Niall Clugston writes: Re. “Rundle: Fukushima directly from the Dr Strangelove script” (Friday, item 3). Talking about the Chernobyl nuclear disaster, Guy Rundle comments, “No one knows how many died, but they died outside of the glare of publicity”.
In fact Wikipedia, for example, has a list of the 70 people who died in the immediate aftermath, many of whom were decorated for their efforts. The problem with estimating the Chernobyl death toll is not Soviet secrecy but knowing when to stop counting, since everyone remotely affected by the disaster will eventually die. Hence Greenpeace’s estimate of a million deaths, and the common assertion that people are still dying.
By the same token, despite the apocalyptic rhetoric, the immediate deaths from the Fukushima will be insignificant compared with the lives already lost in the earthquake and tsunami. But everyone else affected will die, though they might live to 80 before they do.
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Patrick Bowman writes: It’s usually a great pleasure to read Guy Rundle’s contribution to my daily Crikey, but Friday’s was truly awful.
“To build it in the first place we reached beyond the sealed atomic order of given nature, and now that unsealed process has become autonomous. Any fool can see that that is a greater real risk than natural (i.e. sealed) processes like a flood.”
So electromagnetism is natural, while the strong nuclear force is “Promethean”. The cost/benefit of nuclear power is measured the same way as any other power source: what you get out compared with the expense, pollution and death required to generate it.
I’m not wed to nuclear power: NZ is largely powered by renewables and Australia has lots of options for power generation; but the right mix will not be found by anti-intellectual non-analysis.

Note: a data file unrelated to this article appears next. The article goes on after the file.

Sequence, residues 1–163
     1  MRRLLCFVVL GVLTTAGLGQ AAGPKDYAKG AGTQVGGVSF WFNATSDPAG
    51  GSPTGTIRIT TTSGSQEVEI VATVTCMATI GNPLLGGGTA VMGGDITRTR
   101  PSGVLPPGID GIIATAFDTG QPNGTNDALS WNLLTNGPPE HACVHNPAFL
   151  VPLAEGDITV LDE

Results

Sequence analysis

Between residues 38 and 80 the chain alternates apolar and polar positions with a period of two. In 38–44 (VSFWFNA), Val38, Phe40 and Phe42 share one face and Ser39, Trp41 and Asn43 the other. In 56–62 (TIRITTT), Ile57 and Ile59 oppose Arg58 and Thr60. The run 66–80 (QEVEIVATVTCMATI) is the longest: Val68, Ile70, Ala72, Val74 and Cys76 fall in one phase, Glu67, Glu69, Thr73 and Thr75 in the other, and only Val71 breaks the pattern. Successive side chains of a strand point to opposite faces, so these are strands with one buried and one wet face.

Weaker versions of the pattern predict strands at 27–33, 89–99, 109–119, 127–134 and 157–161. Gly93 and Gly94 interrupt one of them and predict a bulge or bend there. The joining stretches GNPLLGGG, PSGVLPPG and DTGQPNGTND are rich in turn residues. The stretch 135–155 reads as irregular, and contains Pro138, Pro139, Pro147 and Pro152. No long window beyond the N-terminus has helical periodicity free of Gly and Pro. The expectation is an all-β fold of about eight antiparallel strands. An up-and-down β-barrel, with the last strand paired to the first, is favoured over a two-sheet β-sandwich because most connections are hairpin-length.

John Richardson writes: Re. “Crikey Clarifier: what’s involved in a no-fly zone?” (Friday, item 9). The other night I watched as a Libyan “rebel”, brandishing a heavy machine gun, screamed for foreign intervention to stop Gaddafi from attacking civilians like himself.
Whilst it may seem like a highly unlikely scenario, if a few thousand Australians, fed-up with the tyranny of our corrupt parliamentary system and its leaders, somehow broke into a military arms depot and took to the streets in armed revolt, wouldn’t we expect our government to move swiftly to crush such a rebellion and how is Libya any different.
And how is Libya any different to Bahrain, where America’s Saudi allies busy themselves slaughtering civilians who are peacefully demonstrating against the tyranny of royalty? No “no-fly zone” there.
The Americans claim that they just want the Libyans to be able to enjoy democratic freedoms and exercise self-determination. Well, why can’t Iraqis or Afghanis enjoy the same freedoms and how come the UN didn’t mandate a “no-fly zone” to protect the hundreds of thousands of civilians who have been butchered by the west’s military machine in those places? And whilst on the subject, how come the UN hasn’t mandated a “no-fly zone” to protect the people of Palestine and Lebanon?
Of course, the truth of the matter is that the US and its cat’s-paw, the UN, couldn’t give a flying-fig about protecting civilians in Libya or anywhere-else.
Antony Loewenstein writes: Re. “NSW election: Greens Marrickville candidate labelled ‘Hamas harlot’” (yesterday, item 16) & Simon Sawday (Friday, comments). Two reliable people told me separately last week, after the Marrickville council meeting, that they had heard Jewish participants at the meeting say AUJS were behind the anti-Greens posters. Other people, including the Liberal candidate for Marrickville, were there.
Furthermore, AUJS may not officially back any political party in elections, but they have a history of attacking the Greens on campuses in Sydney and Melbourne, accusing them of anti-Semitism. I have both seen and heard this. And often it comes not from the leadership itself but from AUJS members.
New York Times:
Keith Thomas writes: Re. “Up goes the wall: New York Times banks on reading quotas” (Friday, item 5). Margaret Simons clearly has not read the New York Times regularly if she regards it merely as a news paper.
I would not subscribe to the NYT for its news, but I will willingly subscribe at $3.75 per week for writers like Verlyn Klinkenborg, Carl Zimmer, Natalie Angier, their op-ed writers, their science writers generally, for their photojournalism, their book reviews and much more — including, even, their wonderful editorials.
I’d pay twice — even three times — that rate. All you have to do to get subscribers is produce a superb newspaper.
The NYT is not perfect, but it’s miles ahead of any other paper I know (except for AFR‘s Friday Review) for quality writing on important topics. And the NYT’s material is almost all original.